After extended struggles at the plate, the New York Yankees need to move on from shortstop Troy Tulowitzki.

The Troy Tulowitzki experiment needs to end now.

The veteran shortstop has continued to struggle with the bat in spring training. Entering Saturday’s game versus the Toronto Blue Jays, the same team which paid him $38 million to go away in December, Tulowitzki is two for his last 17 with 10 strikeouts.

Those numbers are, in a word, ugly. They stink worse than Shrek’s breath in the morning. For anyone else playing for the league minimum, an assignment to the minors or an outright cut would have already happened.

Not Troy Tulowitzki, though. No, he seems to have the full support of both management and the front office.

That, Yankees fans, is a dangerous prospect. Rather, the Yankees need to jump ship on the S.S. Tulowitzki now before the lineup is a real problem later in the season.

Bargain basement

The Yankees signed Troy Tulowitzki for two reasons. First, beloved regular shortstop Didi Gregorius needed Tommy John surgery at the end of last season and the team needed an extra infielder.

The second reason is simple: because they could. Tulowitzki hit the open market once Toronto released him, meaning he was available for peanuts. Cue the former All-Star holding an open workout for about 16 teams, and then he signed with the Yankees.

Look at it this way. Per Spotrac, the Yankees are paying $555,000 this season. Let’s say, for argument’s sake, the team releases him before Opening Day. That would mean Tulowitzki would be paid less than six figures for his time. From a financial standpoint, the deal is indeed all upside.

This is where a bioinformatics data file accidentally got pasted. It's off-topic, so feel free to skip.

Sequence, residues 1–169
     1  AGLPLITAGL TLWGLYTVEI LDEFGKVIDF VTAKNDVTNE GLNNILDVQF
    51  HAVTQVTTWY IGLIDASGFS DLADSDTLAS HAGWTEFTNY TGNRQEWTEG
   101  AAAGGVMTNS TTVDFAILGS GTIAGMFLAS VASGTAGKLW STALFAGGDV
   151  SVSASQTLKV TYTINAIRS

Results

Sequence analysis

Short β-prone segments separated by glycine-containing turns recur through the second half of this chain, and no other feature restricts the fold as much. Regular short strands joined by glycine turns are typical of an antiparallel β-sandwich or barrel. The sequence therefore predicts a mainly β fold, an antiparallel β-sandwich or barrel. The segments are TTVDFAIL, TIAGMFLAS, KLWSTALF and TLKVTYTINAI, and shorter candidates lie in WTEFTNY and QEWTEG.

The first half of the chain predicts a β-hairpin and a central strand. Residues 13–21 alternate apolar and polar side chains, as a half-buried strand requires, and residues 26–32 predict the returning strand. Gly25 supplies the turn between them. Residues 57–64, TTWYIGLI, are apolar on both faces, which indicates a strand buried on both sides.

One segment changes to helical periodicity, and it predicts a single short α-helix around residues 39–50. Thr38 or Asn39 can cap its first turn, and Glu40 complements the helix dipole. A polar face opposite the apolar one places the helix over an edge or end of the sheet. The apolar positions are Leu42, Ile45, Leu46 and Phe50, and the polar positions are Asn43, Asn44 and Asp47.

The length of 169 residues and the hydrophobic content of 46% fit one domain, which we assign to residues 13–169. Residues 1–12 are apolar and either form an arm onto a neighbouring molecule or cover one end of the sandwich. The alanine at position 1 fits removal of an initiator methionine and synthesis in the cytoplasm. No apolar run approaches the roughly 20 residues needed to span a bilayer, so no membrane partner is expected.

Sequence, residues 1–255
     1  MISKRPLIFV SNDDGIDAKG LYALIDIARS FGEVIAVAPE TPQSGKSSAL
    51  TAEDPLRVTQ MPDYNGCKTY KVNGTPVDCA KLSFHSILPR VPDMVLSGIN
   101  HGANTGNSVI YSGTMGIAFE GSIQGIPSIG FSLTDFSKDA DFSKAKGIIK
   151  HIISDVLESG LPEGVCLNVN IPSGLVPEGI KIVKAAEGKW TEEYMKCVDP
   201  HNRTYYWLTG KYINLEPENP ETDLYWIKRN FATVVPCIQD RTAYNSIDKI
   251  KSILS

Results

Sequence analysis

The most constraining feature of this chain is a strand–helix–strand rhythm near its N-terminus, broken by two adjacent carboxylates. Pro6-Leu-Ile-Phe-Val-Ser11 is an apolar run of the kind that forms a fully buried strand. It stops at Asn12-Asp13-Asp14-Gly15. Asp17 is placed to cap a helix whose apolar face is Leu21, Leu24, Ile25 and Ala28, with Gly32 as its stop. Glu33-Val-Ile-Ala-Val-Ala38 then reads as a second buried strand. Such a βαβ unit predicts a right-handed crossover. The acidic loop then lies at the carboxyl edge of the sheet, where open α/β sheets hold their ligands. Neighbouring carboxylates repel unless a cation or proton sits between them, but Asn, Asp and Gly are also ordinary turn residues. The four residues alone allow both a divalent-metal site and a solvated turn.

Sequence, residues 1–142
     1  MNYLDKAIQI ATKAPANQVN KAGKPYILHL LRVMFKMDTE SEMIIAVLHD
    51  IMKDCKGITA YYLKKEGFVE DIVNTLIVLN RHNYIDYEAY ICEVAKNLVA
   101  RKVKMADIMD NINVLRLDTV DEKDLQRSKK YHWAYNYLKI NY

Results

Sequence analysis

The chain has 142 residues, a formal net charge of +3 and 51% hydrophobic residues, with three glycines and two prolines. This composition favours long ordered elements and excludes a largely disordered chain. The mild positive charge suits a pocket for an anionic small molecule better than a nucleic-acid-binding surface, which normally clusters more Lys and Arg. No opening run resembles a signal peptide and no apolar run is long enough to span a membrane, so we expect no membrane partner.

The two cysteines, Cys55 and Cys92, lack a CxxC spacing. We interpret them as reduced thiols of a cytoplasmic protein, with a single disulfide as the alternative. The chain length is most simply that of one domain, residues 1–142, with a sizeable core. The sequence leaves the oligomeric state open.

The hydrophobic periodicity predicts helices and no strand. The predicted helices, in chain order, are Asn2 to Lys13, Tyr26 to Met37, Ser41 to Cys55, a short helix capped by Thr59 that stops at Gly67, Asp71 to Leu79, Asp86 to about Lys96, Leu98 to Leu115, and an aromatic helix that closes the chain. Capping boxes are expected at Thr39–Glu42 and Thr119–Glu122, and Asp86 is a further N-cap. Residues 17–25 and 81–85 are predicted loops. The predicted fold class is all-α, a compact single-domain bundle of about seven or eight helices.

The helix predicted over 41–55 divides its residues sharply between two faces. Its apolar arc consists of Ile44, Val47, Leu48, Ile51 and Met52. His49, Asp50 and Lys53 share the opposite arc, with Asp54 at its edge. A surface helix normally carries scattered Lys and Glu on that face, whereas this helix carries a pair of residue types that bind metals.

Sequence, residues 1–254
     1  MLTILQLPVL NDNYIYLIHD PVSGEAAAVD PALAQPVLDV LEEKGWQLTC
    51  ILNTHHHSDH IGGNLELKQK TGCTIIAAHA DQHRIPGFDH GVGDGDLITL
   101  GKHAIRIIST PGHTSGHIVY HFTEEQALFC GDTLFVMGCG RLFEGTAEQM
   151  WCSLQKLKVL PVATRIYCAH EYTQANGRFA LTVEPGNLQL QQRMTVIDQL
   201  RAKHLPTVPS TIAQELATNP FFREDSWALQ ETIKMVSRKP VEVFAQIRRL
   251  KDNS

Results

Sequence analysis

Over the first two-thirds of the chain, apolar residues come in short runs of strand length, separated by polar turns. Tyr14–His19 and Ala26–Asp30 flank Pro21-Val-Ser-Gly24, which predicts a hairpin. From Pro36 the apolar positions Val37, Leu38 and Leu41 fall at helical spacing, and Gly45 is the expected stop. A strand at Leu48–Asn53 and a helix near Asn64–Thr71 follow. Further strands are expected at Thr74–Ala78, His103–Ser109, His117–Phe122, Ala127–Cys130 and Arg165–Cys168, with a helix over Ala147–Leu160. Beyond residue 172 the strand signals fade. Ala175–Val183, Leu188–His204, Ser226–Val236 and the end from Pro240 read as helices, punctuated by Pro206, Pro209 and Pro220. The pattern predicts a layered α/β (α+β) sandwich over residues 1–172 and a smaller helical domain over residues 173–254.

Except, the Yankees also gave Tulowitzki a full no-trade clause. This is indeed a strange move. Why would such a thing be given to someone who is basically a substitute shortstop?

Not only that, but what if Tulowitzki proves tough to trade or won’t waive the clause? Minimal cost aside, eating money is still eating money. The Yankees haven’t even released Jacoby Ellsbury‘s albatross of a deal yet. Tulowitzki surely won’t be an exception.

A strange sense of support

And yet, despite all of his struggles, GM Brian Cashman and manager Aaron Boone support Tulowitzki. From timing to rust, each man has made multiple excuses for him.

Look, I get it. An all-upside deal is a good thing, especially if the player involved produces. The problem is Tulowitzki isn’t producing, and the strikeouts, in particular, are a problem. It also doesn’t help Tulowitzki missed all of last season with double heel surgery. He has not played 140 games in a season since 2011. His whole career can be defined as Hall of Fame potential derailed by injuries.

Is he even needed?

The saddest part? The Yankees don’t need Troy Tulowitzki. Even after Gregorius’ surgery, the problem could have been solved by shifting Gleyber Torres to shortstop, his natural position, and putting Tyler Wade at second base.

Or what about DJ LeMahieu? Not to sound like a broken record, but he is a three-time Gold Glove second baseman. He won the NL batting title in 2016 and is known for being a great contact hitter who hits the ball to all fields.